that said, i seem to have trouble with carb metabolism in several tissue areas. i speculate at the " Fru 1,6-P2 and Fru 1-P stages of the catalytic process. I clearly can metabolize protein and fat without having the multi-systemic and increasingly debilitating symptoms i get with carb metabolism. so i asked my self what metabolic process do all carbs share/regardless of tissue, that protein and fat do not. this is where my problem must be. the seemingly strange characteristic of my problem with carb metabolism is that it has necessarily been progressive. I had some minor discomfort/difficulty in metabolism carbs since i can remember. These symptoms have gotten progressively worst over my lifetime. I cannot tolerate an accumulation of carbs in my physiology (to what micro-minimal level, i do not know). i believe it only takes days before i begin experiencing increase liver, kidney and blood pressure problems., other symptoms, temperature issues, diarrhea, muscular-skeleton, numbness etc come over increase accumulation.
What if my problem is a growing/progressive deficiency in Fru 1,6-P2 and Fru 1-P due to some rudimentary (undetectable with current genetic technology) deficiency in all 3 adolase. What if we are on the cusp, if not well into the inaugural stage of a genetic mutation pandemic fueled by processed sugar ingestion...?
Maximizing Your Body's Performance
By Ward Dean, MD and Jim English
Production and management of sustainable biological energy resources is of vital concern for everyone. Disruptions in the normal production of mitochondrial energy can contribute to a wide range of metabolic disturbances and symptoms, including fatigue, immune system dysfunction, dementia, depression, behavioral disturbances, attention deficiency, muscle weakness and pain, angina, heart disease, diabetes, skin rashes, and hair loss. These symptoms of metabolic impairment are also present in persons suffering from acquired diseases, such as Alzheimer’s disease and Chronic Fatigue Syndrome (CFS), and in those with inherited mitochondrial diseases, such as mitochondrial myopathy.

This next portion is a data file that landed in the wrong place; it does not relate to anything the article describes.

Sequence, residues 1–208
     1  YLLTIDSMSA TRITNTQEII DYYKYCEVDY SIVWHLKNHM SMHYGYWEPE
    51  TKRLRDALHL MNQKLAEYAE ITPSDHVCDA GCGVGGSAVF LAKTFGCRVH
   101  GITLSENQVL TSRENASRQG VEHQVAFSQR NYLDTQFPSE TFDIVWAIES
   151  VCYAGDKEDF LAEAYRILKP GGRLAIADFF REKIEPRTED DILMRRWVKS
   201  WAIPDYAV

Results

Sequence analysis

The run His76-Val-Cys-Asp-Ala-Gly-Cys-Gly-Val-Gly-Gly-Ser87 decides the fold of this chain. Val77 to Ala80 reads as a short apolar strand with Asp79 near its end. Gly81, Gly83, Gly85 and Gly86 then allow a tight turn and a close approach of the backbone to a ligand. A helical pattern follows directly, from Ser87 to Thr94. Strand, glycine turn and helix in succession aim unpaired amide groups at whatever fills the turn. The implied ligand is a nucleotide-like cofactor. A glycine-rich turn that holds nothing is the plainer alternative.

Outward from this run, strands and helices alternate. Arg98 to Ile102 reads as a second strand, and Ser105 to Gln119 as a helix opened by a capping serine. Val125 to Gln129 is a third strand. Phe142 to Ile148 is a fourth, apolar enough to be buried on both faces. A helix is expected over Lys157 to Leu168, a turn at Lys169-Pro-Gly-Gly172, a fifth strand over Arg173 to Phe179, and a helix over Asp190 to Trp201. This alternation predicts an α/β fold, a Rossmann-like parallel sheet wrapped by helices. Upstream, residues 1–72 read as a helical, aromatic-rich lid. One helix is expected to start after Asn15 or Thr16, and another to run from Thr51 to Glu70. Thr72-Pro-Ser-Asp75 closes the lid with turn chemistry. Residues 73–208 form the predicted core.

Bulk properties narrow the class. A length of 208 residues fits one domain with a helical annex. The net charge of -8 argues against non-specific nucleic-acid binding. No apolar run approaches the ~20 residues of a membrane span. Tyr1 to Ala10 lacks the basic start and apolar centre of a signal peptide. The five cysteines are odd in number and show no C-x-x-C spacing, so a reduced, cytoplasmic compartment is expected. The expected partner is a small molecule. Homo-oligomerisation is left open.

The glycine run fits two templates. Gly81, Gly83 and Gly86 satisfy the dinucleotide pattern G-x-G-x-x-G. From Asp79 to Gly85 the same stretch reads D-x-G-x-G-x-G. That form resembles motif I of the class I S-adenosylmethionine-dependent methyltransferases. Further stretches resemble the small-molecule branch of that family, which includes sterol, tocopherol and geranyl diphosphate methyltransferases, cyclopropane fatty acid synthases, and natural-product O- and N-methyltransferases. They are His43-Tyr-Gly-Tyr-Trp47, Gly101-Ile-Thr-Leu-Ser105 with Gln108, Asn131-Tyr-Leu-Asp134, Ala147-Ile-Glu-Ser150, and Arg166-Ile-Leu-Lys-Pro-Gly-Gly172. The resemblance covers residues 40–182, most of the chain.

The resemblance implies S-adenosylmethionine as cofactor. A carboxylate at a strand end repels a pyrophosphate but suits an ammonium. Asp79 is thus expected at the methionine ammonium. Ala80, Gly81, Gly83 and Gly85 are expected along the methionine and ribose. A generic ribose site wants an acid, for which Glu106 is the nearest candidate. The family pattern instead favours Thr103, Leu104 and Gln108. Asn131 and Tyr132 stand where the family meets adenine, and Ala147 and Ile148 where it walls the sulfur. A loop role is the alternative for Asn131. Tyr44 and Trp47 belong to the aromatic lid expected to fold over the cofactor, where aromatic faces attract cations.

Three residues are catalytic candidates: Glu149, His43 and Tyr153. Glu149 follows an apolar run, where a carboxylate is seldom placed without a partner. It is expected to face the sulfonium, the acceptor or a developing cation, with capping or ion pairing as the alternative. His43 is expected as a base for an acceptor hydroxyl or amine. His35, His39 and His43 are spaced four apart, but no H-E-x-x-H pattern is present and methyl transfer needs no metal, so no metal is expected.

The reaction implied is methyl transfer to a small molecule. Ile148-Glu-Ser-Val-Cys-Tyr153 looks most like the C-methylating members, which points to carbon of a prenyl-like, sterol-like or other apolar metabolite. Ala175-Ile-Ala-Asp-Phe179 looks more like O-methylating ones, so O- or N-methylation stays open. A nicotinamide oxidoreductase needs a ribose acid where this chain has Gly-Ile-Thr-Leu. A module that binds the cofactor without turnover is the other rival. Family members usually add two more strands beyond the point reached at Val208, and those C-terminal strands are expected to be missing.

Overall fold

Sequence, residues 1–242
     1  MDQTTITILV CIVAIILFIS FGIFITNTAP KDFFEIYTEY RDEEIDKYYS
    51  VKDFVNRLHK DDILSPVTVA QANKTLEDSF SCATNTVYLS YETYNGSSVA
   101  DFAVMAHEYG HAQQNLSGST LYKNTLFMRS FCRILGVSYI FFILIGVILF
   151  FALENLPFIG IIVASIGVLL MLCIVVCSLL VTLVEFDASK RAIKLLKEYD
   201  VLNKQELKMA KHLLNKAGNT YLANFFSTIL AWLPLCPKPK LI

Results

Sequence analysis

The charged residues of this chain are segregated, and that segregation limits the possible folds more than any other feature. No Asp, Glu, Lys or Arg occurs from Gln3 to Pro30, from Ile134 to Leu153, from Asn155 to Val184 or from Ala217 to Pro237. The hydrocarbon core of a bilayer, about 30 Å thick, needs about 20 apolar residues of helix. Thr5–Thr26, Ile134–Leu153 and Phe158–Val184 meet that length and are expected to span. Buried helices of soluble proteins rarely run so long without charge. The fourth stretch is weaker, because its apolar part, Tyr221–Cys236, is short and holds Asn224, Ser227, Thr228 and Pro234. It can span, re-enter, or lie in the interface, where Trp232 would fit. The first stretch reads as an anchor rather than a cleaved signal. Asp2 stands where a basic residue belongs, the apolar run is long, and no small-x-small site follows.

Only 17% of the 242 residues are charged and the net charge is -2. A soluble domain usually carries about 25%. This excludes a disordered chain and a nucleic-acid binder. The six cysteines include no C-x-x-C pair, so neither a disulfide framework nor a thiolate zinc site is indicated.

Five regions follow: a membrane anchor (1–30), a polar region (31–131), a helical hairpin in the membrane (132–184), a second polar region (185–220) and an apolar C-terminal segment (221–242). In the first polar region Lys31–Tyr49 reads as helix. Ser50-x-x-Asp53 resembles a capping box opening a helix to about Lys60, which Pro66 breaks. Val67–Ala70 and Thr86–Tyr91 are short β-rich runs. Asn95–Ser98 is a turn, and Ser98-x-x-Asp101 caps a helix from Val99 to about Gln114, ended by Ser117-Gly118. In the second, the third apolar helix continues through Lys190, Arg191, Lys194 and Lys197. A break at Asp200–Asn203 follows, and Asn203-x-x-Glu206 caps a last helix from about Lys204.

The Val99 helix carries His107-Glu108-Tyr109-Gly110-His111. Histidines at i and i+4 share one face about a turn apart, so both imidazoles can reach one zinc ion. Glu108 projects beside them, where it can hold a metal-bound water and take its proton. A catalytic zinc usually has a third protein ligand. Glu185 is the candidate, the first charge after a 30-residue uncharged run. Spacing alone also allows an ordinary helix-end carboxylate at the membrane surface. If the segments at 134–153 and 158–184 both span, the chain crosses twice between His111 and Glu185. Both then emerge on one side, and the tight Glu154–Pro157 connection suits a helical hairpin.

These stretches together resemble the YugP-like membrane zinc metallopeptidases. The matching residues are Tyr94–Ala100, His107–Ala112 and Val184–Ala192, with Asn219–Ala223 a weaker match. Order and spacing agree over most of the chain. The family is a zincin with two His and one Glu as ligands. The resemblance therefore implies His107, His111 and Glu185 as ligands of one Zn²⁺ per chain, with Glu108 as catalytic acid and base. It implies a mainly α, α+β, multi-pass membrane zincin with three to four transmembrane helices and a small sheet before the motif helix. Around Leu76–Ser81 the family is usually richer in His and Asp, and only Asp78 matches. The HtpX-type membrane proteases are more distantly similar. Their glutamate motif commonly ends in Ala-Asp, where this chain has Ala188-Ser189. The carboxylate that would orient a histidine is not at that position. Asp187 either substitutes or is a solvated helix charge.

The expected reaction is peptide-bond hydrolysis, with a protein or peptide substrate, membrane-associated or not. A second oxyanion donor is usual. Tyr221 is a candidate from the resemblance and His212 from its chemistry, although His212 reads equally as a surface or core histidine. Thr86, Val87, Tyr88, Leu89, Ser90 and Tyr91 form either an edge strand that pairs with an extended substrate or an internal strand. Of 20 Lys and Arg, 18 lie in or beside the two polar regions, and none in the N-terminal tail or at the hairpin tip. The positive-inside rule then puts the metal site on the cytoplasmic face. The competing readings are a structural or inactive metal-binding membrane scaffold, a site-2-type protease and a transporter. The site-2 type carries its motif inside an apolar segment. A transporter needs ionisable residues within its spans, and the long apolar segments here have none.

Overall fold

As these conditions share a common link in mechanisms of metabolic energy production, they may also benefit from nutritional strategies that optimize energy production and metabolic pathways.
The Krebs’ Cycle All cells must produce energy to survive. Hans A. Krebs first elucidated the process of cells converting food into energy, the Citric Acid Cycle, in 1937. Krebs proposed a specific metabolic pathway within the cells to account for the oxidation of the basic components of food – carbohydrates, protein and fats – w for energy. The Krebs’ cycle takes place inside the mitochondria or ‘power plant’ of cells and provides energy required for the organism to function.
Mitochondria are found in all cells in the human body, with the exception of mature red blood cells. The primary function of these tiny organelles (each cell contains between 500 and 2,000 mitochondria) is to convert energy found in nutrient molecules and store it in the form of adenosine triphosphate (ATP). ATP is the universal energy-yielding molecule used by enzymes to perform a wide range of cellular functions. Humans cannot survive, even for a second, without a constant supply of ATP.